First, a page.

One place we had to make sure to get to before we embarked on our big move from North Carolina to the west coast was Colonial Williamsburg. One of 3 major historical attractions on the east coast Historical Triangle area of Virginia (the other two are Jamestown and Yorktown), Colonial Williamsburg is a re-creation of a 18th century town. It is huge, and includes many wonderful activities, shows, and reenactments. We only had one day there, so I tried to pick a few things to do that would be fun and educational for the kids.
The night before we left, we sat in our hotel and read through the book “If You Lived in Colonial Times” and talked about each section. It’s a great book that covers daily life, medicine, food, and what it was like to be a child in Colonial times.
The number one priority for the day was to get there the second they opened at 9am and be among the first to reach the Prentis Store for the big archaeology dig. This summer, the staff decided that they would open one of their digs to the public, just a few kids at a time. The site is the Archibald Blair Storehouse, and it is real, not one of those faux digs were items are planted for kids to find. This site has been partially excavated before, so the staff knew there would be a lot to discover. We were lucky to be some of the first to arrive and after a brief speech, the kids were handed gloves, buckets, and trowels and instructed to carefully scrape away the top layers of dirt and fill their buckets.
Next came the sifting portion of the dig. all of the buckets were combined and sifted through sieves attached to wheelbarrows. This was the part that really felt like a treasure hunt to the children. Because this location had once been a storehouse, there was quite a variety. Pieces of brick, pottery, nails, glass, and animal bones all emerged out of the piles of dirt. A well formed pig tooth was the biggest hit!
The final part of the activity was to bring the finds over to a covered area and investigate and label each item. The staff had laid out diagrams and photos to help identify the animal bones, nails and pottery. A fascinating way to add context to the whole endeavor.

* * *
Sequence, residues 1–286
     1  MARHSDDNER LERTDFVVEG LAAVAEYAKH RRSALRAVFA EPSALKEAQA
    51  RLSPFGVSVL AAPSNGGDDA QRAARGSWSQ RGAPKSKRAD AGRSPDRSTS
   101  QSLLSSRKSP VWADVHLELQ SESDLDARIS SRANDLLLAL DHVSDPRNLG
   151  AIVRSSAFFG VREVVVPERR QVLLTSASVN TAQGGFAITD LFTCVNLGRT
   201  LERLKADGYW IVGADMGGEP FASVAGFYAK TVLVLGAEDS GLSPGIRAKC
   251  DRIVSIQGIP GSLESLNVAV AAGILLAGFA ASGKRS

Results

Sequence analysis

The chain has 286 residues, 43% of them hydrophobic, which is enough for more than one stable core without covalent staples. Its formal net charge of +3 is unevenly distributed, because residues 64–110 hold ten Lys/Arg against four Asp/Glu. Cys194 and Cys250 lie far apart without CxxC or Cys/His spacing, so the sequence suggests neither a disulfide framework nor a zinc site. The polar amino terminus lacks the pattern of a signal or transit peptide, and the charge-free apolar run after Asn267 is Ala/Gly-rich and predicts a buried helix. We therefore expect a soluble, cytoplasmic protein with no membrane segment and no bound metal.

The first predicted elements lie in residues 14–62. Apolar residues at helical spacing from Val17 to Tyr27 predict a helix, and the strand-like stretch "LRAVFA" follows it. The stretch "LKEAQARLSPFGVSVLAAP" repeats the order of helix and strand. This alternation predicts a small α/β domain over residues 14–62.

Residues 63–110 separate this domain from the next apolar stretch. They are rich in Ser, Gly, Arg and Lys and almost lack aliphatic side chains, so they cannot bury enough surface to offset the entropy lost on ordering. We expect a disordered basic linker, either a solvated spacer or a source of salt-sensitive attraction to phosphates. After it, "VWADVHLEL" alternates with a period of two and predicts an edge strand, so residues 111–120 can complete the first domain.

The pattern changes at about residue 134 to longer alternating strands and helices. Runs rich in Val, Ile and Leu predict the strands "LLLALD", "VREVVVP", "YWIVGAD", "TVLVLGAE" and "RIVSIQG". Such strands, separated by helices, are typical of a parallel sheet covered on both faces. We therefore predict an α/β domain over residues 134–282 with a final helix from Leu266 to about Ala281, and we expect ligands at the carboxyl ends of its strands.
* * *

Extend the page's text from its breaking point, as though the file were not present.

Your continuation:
The day was beginning to get really hot, so we ducked into a bakery and grabbed some ginger cakes and spiced apple cider to refuel. We passed some actors dressed in pre-Revolutionary War gear and making speeches. When the kids are older and know a little more about US history, we’ll have to come back and spend more time watching the reenactments.
Next stop was the military encampment. The stern actor in charge gave us an overview of life for a colonial soldier and lined us up (after promoting Claire to Corporal!!) He then handed out smooth sticks and went through all of the steps involved with loading and firing a musket.
Next to the musket training area, another set of soldiers put us through a very detailed demonstration of how to prepare and fire a cannon. Each of the children were given a job and instructed to act out each of the steps, including the many safety measures. Flynn was excited to be the person who holds and delivers the cannon ball, and Skye used a long stick to light the fuse. The demonstration ended with a loud bang and profuse smoke as the cannon was fired.
After a tasty lunch at one of the taverns, our last stop was at the Brickmaker. We sat and listened to a description of how the clay bricks were formed and brought to a field to dry in the sun, and then it was time to take our shoes off and help work the clay.
Stomping the clay was hilarious fun. It felt like thick cold peanut butter, and the kids kept getting stuck and laughing uncontrollably. We ended up covered in mud and took to the barrels to wash off as much as we could. This was a good last stop:)
We had a big day, and yet only touched on a small portion of all of the fun that is available at Colonial Williamsburg. I look forward to getting back there in a few years when the kids are older and spending a lot more time exploring.